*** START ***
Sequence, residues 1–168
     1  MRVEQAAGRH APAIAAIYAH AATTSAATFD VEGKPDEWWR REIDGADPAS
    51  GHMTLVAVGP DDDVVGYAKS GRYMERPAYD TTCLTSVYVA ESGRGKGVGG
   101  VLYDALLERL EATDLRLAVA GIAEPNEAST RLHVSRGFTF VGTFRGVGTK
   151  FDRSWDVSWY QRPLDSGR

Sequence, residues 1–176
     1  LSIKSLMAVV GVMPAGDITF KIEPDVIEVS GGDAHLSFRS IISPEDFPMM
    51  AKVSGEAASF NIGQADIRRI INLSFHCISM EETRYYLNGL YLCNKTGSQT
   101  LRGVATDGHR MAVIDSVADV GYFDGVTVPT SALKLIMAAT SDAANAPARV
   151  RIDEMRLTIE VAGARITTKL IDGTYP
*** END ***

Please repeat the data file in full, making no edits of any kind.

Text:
Sequence, residues 1–168
     1  MRVEQAAGRH APAIAAIYAH AATTSAATFD VEGKPDEWWR REIDGADPAS
    51  GHMTLVAVGP DDDVVGYAKS GRYMERPAYD TTCLTSVYVA ESGRGKGVGG
   101  VLYDALLERL EATDLRLAVA GIAEPNEAST RLHVSRGFTF VGTFRGVGTK
   151  FDRSWDVSWY QRPLDSGR

Sequence, residues 1–176
     1  LSIKSLMAVV GVMPAGDITF KIEPDVIEVS GGDAHLSFRS IISPEDFPMM
    51  AKVSGEAASF NIGQADIRRI INLSFHCISM EETRYYLNGL YLCNKTGSQT
   101  LRGVATDGHR MAVIDSVADV GYFDGVTVPT SALKLIMAAT SDAANAPARV
   151  RIDEMRLTIE VAGARITTKL IDGTYP